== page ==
On December 9, 2011, Academy Fellows joined in the first Academy Fellows Graduate program offered by the Academy for Excellence in Local Governance. Twenty-six local government decision-makers gathered for the 2-day program concentrating on advanced public finance as it applies to human resources, infrastructure finance, and intergovernmental financial relations.
The Academy for Excellence in Local Governance (The Academy), voluntary certificate program, is a collaborative effort involving MACo, the Maryland Municipal League (MML), the Local Government Insurance Trust (LGIT), and the Institute for Governmental Service and Research (IGSR) of the University of Maryland, College Park, that also serves as the program administrator.
While Academy courses are offered throughout the year by MACo and MML for the regular certificate program, this course was the first one offered as a series of continuing education courses for graduates of the certificate program.
Part I of this class was held at the LGIT offices in Hanover, Maryland as a full day event. Students were welcomed to the course by representatives from LGIT, MACo, MML, and IGSR. A general session entitled “Long-Range Financial Planning in a Time of Shrinking Resources” was given by Academy instructor Al Martin.
Following the general session, attendees were broken into groups of similar jurisdictions (based on size, geography, budget, etc.) to discuss financial benchmarking and how the jurisdictions can share information to help one another as they continue to examine their own financial processes. For the next section of the course, attendees were then assigned to their areas of interest (human resources, infrastructure finance, or intergovernmental financial relations) to hear presentations from other Academy instructors. Marge Wolf led the Human Resources presentation, Elaine Kramer and Ray Wacks conducted the Infrastructure Finance group, while Tony McCann and Bill Ratchford presented on the topic of Intergovernmental Financial Relations.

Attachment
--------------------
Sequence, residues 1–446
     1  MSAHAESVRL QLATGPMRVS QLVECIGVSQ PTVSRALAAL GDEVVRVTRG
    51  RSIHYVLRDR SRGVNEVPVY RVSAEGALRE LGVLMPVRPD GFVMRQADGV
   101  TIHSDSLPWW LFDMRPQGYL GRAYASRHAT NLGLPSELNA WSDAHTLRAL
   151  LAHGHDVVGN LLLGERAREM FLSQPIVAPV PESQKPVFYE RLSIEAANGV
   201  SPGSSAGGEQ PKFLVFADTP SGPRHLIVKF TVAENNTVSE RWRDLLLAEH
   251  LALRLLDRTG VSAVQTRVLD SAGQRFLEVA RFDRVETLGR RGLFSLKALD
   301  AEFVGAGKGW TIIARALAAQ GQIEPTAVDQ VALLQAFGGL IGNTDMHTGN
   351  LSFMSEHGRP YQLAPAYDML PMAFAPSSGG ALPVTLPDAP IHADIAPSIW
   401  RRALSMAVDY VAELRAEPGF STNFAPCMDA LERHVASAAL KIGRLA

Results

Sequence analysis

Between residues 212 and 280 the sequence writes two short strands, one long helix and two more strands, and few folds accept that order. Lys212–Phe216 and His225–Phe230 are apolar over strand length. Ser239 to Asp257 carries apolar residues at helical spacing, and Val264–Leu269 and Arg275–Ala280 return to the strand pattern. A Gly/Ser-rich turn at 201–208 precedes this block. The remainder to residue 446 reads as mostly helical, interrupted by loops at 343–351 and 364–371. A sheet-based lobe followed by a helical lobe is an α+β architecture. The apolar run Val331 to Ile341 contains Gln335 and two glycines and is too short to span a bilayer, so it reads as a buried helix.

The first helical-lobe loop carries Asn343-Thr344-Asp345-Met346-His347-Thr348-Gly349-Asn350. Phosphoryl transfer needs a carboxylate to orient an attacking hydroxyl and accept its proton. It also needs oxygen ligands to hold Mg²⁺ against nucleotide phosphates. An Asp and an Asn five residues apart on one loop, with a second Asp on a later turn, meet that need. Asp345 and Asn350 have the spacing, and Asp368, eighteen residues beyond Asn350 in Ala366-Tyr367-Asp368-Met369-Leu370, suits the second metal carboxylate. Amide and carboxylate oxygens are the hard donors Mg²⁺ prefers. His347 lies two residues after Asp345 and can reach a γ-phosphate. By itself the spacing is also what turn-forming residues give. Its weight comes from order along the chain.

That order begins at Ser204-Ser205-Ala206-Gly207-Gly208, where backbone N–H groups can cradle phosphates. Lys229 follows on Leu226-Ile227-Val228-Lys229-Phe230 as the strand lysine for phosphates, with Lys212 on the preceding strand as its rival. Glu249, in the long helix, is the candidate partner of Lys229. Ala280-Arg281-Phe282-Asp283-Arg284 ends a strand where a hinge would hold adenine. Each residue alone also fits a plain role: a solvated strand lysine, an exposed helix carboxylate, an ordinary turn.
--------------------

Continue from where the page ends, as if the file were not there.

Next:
After discussing the presentations with their presenters, attendees were then asked to join their similar jurisdiction groups again to reflect on the day’s lessons and share what they had learned.
Part II of this course will be offered in July or August of 2012. During the interim between classes, the students will reflect on benchmarking questions sent out by the Academy facilitators and they will discuss these questions with their similar jurisdiction groups. This will enable the students to remain engaged and apply the lessons learned directly into their work.
If you are interested in learning more about the Academy for Excellence in Local Governance, please visit the Academy page on the MACo website.